> On 14 Mrz., 16:22, Alan Smaill <sma...@SPAMinf.ed.ac.uk> wrote: >> WM <mueck...@rz.fh-augsburg.de> writes: >> > On 14 Mrz., 13:59, Alan Smaill <sma...@SPAMinf.ed.ac.uk> wrote: >> >> WM <mueck...@rz.fh-augsburg.de> writes: >> >> > On 14 Mrz., 12:35, Alan Smaill <sma...@SPAMinf.ed.ac.uk> wrote: >> >> >> You can and do of course reject this axiom. >> >> >> >> To show something is self-contradictory, however, you need to use the >> >> >> reasoning principles of the system you want to show is >> >> >> self-contradictory, not your own beliefs. >> >> >> > The axiom belongs to the system. It says that elements can be chosen. >> >> > To choose immaterial elements, hmm, how is that accomplished in a >> >> > system that contains the axiom of choice? >> >> >> I can only repeat myself -- >> >> where is the *logical* contradiction there, in terms of classical >> >> mathematics? >> >> > You will find it if you try to answer my question. Choosing means >> > defining (by a finite number of words) a chosen element (unless it is >> > a material object). No other possibility exists. >> >> Of course other possibilities exist, even in WMaths. >> Forget Zermelo's exposition, and look at the axiom. > > That is the axiom.
I'm talking about its place in a formal system, not the interpretation in natural languagfe that you (WM) place upon it.
Do yuo see that there is a difference?
>> Can you derive a contradiction using classical set theory? > > Zermelo used classical set theory. He developed it.
Dodging the question, as ever.
Can *you* (WM) derive a contradiction using classical set theory?
If so, that would put a stop to all these indoctrinated fools you are so concerned about. It worked for Bertrand Russell; why don't you try it?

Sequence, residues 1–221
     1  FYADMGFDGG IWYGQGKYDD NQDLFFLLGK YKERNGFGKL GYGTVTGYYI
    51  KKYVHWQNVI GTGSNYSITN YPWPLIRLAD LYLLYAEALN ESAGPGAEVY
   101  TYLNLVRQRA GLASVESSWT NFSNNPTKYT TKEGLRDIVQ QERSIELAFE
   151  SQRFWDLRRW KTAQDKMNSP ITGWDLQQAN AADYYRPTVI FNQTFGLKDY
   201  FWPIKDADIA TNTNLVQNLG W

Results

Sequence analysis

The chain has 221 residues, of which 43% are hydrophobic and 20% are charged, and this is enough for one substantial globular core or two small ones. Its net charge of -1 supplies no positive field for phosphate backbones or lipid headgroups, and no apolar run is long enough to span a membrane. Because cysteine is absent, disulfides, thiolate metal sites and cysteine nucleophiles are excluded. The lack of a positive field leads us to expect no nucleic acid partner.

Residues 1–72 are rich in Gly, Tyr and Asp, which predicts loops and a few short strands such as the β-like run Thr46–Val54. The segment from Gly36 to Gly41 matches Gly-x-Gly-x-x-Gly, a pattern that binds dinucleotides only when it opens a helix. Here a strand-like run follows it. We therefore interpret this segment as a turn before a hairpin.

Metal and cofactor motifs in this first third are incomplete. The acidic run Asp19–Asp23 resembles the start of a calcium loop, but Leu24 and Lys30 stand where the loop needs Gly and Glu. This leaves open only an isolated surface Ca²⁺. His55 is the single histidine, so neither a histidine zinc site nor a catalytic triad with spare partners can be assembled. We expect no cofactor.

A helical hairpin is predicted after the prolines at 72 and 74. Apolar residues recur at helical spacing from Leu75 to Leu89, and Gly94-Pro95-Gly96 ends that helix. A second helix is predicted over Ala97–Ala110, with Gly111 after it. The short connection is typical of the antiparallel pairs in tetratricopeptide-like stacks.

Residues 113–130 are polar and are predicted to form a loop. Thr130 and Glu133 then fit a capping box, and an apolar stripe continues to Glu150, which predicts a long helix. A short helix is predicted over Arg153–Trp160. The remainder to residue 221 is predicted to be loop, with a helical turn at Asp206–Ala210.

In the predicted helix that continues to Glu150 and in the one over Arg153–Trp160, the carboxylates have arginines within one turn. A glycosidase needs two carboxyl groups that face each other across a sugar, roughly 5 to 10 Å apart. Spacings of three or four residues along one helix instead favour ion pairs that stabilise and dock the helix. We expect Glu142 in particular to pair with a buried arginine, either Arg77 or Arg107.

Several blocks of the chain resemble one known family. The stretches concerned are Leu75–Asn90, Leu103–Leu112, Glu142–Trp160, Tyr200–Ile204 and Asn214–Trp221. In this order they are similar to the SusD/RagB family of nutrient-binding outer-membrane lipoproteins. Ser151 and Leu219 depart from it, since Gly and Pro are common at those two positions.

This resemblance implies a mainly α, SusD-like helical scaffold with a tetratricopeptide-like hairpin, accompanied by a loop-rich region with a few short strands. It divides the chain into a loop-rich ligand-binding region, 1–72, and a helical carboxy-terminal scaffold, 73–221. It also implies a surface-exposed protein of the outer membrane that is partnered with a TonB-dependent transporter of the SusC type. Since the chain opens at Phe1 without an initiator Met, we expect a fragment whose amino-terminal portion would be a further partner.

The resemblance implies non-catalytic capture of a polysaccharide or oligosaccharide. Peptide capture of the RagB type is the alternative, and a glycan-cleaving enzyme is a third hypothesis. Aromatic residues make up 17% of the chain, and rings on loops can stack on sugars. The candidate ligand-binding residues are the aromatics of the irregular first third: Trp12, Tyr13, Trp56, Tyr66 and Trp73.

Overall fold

>> >> Of course, you think it's false, and unimaginable, and whatever >> >> words you want to use. >> >> >> But you claim it's *self-contradictory*, don't you? >> >> >> And that's a whole different claim. >> >> > Please look up what Zermelo wrote. (In Matheology § 225 you will find >> > the orginal German text.) It is always possible /to choose/ an element >> > from every non-empty set and to union the chosen elements into a set >> > S_1. >> > This means: It is possible to have and to apply uncountably many >> > finite words in order to choose and in order to distinguish the >> > elements in S_1 (a set can have only distinct elements by axiom). >> >> Non sequitur. > > Cheap nonsense, pretending knowledge of Latin.
Some of us have studied Latin. Look, *if* it follows, then why not prove it and show up classical set theory for the house of cards you claim it to be.
Resorting to ad hominem jibes will get you nowhere.
>> This is not a consequence from the axiom; > > This is a consequence of the axiom as Zermelo stated it when he was > not yet aware that this axiom is in contradiction with the theorem > that uncountably many elements exist in some sets.
Do, demonstrate that contradiction using classical set theory. It can't be hard, it's a simple argument, isn't it?
>> it is a consequence of your understanding, but that >> does not show *self-contradiction*. >> >> Do you see the difference? > > Do you see that elements cannot be different unless there is something > distinguishing them?
Dodging the question again.
Do you see that there is a difference between being in contradiction with WM's beliefs, and being self-contradictory?
> But I do not write for you and your ilk of > matheologians but for people who want to think by themselves and who > dare to.
Of course there are alternative foundations to mathematics, set theory is not the only way. Of course there are sensible notions of potential infinity to be explicated. Of course set theory may turn out to be inconsistent.